In the past two articles about the Inductinator, we looked at the forwards and defensemen that you can expect to go into the Hall in the next few years. Remember that the Inductinator is not designed to determine who should be inducted into the Hall of Fame based on merit; rather it predicts who will be inducted based on the Hall's recent voting record. Analyzing NHL defensemen, forwards and goaltenders seperately, any player with an Inductinator score of 100 or more should be expected to get into the Hall of Fame, with the number of years of expected wait time determined by the specific score. Players are eligible for the Hall after having been retired for three years, so if a player who retired in 2010 is estimated to have a 2-year wait before being inducted, he is expected to be honored in 2015.
This time we'll look at the results goaltenders, and wrap things up with a summary of how the system sees the Hall of Fame results to go for the next three years.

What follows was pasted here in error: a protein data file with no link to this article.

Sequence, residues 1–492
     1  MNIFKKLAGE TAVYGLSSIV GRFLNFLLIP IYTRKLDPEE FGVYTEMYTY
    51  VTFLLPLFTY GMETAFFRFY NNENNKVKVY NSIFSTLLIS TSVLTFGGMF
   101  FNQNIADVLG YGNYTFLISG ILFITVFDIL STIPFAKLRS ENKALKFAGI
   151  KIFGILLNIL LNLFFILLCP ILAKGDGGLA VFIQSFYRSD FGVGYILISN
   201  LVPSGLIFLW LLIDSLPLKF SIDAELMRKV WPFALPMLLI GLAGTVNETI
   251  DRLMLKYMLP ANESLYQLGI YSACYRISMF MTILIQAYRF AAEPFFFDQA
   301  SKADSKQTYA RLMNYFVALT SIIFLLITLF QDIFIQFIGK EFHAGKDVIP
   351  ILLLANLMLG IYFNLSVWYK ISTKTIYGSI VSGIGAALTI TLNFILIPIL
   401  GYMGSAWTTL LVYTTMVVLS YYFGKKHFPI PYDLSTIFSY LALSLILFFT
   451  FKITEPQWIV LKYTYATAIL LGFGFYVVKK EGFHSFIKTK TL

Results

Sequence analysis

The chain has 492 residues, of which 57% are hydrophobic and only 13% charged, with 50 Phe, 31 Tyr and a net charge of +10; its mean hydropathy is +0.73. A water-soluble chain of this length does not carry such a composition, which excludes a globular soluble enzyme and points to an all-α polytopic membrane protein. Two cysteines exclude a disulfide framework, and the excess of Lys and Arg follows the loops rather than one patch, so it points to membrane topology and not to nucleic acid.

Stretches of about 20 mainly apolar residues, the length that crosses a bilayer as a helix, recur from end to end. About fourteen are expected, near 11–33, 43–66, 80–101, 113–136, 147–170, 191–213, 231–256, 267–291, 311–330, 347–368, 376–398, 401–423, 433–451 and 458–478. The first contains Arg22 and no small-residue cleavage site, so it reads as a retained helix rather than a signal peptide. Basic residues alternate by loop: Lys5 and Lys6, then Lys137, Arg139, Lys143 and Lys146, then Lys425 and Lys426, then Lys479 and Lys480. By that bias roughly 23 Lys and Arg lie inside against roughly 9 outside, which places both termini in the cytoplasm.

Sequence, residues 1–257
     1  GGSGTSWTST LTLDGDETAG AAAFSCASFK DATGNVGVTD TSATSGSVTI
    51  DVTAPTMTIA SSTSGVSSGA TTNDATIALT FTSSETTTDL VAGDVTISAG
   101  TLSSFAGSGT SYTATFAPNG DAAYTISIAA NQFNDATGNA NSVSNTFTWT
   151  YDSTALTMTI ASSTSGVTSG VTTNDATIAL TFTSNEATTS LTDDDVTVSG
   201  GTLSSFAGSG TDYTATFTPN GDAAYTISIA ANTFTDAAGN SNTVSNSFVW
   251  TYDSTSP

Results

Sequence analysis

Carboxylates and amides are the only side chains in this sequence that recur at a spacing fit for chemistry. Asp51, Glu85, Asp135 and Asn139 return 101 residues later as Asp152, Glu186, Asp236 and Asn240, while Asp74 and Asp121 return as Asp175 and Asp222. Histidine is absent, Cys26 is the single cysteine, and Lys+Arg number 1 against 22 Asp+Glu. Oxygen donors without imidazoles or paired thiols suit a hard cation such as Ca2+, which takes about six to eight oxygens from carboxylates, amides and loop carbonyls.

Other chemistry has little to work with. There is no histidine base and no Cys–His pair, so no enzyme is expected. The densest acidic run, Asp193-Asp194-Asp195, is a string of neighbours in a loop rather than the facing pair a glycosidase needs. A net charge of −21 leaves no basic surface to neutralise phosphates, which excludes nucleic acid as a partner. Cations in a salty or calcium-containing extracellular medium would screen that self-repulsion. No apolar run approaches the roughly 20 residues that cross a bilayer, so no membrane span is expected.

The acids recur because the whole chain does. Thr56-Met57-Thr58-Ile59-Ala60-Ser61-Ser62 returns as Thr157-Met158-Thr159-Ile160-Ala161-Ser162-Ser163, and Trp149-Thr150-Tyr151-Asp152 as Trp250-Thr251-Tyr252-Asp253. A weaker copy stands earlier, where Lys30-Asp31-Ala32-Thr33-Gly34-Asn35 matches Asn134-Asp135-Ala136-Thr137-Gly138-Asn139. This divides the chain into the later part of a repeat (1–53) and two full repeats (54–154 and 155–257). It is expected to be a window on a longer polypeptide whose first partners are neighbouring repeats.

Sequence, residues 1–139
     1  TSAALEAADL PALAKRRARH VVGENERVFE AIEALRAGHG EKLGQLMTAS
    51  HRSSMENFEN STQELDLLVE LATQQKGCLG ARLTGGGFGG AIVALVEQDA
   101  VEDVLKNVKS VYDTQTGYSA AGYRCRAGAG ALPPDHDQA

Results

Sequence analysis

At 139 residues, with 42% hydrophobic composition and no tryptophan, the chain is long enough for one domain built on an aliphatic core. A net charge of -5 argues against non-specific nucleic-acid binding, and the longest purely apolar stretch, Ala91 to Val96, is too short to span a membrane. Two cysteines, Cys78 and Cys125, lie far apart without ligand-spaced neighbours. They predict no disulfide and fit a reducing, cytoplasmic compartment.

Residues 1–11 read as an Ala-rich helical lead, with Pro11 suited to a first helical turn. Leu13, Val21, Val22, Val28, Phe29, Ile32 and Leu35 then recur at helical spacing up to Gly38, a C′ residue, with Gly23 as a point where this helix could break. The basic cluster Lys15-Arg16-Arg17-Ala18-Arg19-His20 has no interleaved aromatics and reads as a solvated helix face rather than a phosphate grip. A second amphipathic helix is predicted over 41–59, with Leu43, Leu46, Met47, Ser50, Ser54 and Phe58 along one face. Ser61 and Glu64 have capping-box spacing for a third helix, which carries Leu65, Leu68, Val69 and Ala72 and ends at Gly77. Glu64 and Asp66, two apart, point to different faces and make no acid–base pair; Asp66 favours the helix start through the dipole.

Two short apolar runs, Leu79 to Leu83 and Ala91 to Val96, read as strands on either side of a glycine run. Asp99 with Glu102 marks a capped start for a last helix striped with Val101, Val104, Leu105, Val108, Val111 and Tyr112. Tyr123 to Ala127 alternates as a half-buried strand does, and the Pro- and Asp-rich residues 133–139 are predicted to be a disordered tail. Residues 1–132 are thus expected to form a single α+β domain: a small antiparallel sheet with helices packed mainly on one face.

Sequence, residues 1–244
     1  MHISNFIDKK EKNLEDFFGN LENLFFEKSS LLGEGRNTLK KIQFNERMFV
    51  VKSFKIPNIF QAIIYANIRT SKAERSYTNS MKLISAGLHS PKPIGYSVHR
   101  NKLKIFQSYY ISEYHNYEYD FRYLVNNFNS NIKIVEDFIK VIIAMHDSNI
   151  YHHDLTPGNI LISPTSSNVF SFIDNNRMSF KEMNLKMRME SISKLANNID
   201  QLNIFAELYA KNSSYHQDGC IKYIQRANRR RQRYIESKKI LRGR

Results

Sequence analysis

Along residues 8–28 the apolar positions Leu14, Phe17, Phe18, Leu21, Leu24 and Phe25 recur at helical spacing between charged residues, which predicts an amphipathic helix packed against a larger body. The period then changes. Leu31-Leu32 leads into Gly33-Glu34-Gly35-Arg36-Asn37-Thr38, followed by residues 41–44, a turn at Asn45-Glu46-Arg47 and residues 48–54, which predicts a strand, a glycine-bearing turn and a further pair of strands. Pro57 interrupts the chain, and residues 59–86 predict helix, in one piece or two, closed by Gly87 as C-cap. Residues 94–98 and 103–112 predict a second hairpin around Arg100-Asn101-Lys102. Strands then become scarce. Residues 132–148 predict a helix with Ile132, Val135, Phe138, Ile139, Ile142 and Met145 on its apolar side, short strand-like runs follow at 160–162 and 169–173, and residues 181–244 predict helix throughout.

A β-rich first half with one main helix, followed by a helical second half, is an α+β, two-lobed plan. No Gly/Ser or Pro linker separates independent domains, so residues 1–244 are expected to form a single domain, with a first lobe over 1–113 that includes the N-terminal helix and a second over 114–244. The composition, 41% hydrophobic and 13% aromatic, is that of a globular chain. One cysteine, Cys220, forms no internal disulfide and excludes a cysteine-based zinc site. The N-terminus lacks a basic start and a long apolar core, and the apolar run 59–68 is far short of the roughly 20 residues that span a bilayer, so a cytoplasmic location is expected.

Among modern goaltenders, we have eight Hall of Famers. They are:
Ken Dryden (1983) Ed Giacomin (1987) Grant Fuhr (2003)
Bernie Parent (1984) Tony Esposito (1988) Patrick Roy (2006)
Gerry Cheevers (1985) Billy Smith (1983)
Only two of these goaltenders were inducted in their first year of eligibility: Fuhr and Roy. Dryden, Esposito and Smith each had to wait a year, Parent and Cheevers waited two each, while Giacomin waited six. If we look at their scores, we see that Patrick Roy is really in a class all his own when it comes to modern Hall of Fame goalies.
Player Wait Score
Patrick Roy 0 572
Grant Fuhr 0 176
Ken Dryden 1 174
Billy Smith 1 151
Tony Esposito 1 144
Bernie Parent 2 126
Gerry Cheevers 2 101
Ed Giacomin 6 100